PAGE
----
Levisohn, Kress, director of research at the Leadership Commons at the Davidson School of Education, and their collaborators wanted to ask deeper, harder questions about student learning, such as, Kress said, “What frameworks for understanding and being in the world emerge from involvement in Jewish education? What would Torah learning look like if it were framed as socialization into a community?”

“We were dissatisfied with conversations about outcomes that seemed too narrow or too cognitive,” Levisohn said. “We need to focus on bigger, broader goals of meaning, connection, and flourishing. People need to have homes—within communities, traditions, and discourses. Jewish education can help to provide that home.”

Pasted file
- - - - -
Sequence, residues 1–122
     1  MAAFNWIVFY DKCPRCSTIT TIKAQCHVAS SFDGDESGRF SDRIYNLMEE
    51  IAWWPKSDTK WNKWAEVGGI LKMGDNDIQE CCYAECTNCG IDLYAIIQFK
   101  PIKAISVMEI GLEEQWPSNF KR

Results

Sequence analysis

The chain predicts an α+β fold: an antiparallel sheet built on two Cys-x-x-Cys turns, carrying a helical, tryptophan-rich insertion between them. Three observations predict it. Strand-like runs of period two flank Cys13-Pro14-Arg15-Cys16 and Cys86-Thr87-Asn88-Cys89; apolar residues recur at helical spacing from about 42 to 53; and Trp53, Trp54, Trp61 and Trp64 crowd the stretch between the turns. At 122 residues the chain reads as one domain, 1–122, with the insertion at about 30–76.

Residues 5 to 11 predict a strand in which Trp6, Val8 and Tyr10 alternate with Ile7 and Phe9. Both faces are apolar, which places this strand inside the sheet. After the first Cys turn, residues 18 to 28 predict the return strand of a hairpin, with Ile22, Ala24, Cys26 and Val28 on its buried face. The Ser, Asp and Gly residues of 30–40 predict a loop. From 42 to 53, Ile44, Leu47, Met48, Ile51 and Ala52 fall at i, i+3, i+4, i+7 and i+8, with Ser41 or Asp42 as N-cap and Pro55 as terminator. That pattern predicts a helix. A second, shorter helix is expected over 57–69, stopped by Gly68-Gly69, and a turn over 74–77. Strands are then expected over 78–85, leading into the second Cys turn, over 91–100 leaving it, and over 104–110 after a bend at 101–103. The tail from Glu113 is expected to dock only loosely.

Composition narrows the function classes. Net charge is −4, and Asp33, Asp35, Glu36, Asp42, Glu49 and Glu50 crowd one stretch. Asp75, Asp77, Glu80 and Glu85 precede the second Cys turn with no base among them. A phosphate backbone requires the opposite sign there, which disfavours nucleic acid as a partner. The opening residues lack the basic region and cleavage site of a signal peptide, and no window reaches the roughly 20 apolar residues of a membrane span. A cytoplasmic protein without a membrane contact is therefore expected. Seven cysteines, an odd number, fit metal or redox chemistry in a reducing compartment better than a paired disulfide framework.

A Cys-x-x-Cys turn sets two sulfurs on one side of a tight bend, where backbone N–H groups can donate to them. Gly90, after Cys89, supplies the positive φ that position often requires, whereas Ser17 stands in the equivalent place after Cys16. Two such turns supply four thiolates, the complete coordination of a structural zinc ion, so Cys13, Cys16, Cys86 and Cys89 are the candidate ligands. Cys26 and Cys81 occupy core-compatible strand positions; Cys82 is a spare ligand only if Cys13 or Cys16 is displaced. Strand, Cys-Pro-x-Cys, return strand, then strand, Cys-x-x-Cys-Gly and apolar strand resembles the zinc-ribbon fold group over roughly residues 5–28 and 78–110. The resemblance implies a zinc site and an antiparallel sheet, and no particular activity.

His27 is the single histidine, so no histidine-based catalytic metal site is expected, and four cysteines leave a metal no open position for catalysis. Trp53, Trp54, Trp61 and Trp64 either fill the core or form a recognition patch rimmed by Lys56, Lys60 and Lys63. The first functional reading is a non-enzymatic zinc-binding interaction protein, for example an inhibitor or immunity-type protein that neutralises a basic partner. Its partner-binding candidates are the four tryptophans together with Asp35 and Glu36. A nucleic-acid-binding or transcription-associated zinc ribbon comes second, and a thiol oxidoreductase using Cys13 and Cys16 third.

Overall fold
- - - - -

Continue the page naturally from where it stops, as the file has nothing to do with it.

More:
Advancing the Learning Agenda in Jewish Education provides a fresh set of perspectives on a new set of questions about Jewish education. It offers new ideas, Kress said, “about what it means to be a learned Jew, and how Jewish education can inform multiple elements of the human experience.”

Talking about Race in Jewish Day Schools

Due to a last-minute conflict, Yavilah McCoy of Dimensions Educational Consulting was unable to attend the recent Mandel Center conference, Inside Jewish Day Schools. Instead, she graciously pre-recorded this stirring framing statement for our panel entitled  “Embracing Diversity, Teaching Equity: Race and Ethnicity in Jewish Day Schools,” providing a context and a rationale for centering race and ethnicity in our conversations about teaching and learning and school culture in yeshivas and Jewish day schools.

 

 

 

« Older posts

Protected by Akismet
Blog with WordPress

Welcome Guest | Login (Brandeis Members Only)